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Extreme Thoracic Biopsies 

Extreme Thoracic Biopsies
Chapter:
Extreme Thoracic Biopsies
Author(s):

William Derry

, and Scott Genshaft

DOI:
10.1093/med/9780199986071.003.0068
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date: 30 November 2020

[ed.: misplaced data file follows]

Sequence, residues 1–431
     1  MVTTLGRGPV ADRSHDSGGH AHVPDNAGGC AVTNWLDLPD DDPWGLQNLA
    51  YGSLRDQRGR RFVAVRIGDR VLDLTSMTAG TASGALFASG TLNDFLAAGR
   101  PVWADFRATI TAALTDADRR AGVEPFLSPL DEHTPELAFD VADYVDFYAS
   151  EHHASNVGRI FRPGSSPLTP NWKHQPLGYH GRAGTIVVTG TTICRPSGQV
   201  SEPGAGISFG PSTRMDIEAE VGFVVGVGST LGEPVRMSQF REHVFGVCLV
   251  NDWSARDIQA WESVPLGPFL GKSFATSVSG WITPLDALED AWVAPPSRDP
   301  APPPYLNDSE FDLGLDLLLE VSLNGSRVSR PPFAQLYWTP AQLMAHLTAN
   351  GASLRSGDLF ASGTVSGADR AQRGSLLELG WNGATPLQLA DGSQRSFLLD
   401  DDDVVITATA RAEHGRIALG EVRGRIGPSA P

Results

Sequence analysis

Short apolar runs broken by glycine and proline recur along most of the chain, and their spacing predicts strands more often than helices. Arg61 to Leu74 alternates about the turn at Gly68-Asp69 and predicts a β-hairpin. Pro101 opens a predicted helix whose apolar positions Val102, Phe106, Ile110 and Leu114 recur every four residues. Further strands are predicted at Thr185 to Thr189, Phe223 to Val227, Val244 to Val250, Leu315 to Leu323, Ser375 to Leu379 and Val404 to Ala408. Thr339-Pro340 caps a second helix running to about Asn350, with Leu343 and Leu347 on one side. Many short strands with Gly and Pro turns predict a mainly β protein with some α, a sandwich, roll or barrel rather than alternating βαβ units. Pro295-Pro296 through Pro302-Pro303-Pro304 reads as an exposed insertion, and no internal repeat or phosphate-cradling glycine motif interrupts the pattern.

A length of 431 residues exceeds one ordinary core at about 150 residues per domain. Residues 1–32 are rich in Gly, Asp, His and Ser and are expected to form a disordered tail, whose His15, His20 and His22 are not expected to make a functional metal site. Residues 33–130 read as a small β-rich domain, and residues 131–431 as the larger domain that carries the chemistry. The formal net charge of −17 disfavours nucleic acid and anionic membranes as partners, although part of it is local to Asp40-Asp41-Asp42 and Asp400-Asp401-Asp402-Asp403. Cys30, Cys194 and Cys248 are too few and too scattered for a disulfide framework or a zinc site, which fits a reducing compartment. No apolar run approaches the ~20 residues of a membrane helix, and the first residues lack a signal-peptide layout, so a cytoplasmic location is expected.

Percutaneous transthoracic biopsy is a commonly used procedure in the diagnosis of intrathoracic pathology. With modern imaging and interventional devices, percutaneous transthoracic biopsy allows access to locations inaccessible by mediastinoscopy or bronchoscopic biopsy. This chapter presents tips for performing successful percutaneous biopsy of lesions in precarious intrathoracic locations. The practices highlighted should help maximize the chances for a successful tissue yield while minimizing the rate of biopsy-associated complications. Mediastinal, hilar, and juxtapleural lesions present anatomic challenges that can decrease the chance of safely obtaining tissue and increase complication rates. The use of techniques to displace injury-prone anatomical structures and to open access windows can allow the interventionalist to obtain diagnostic tissue samples from almost all intrathoracic locations. A well-planned approach is the most important factor in maximizing yield and preventing complications.

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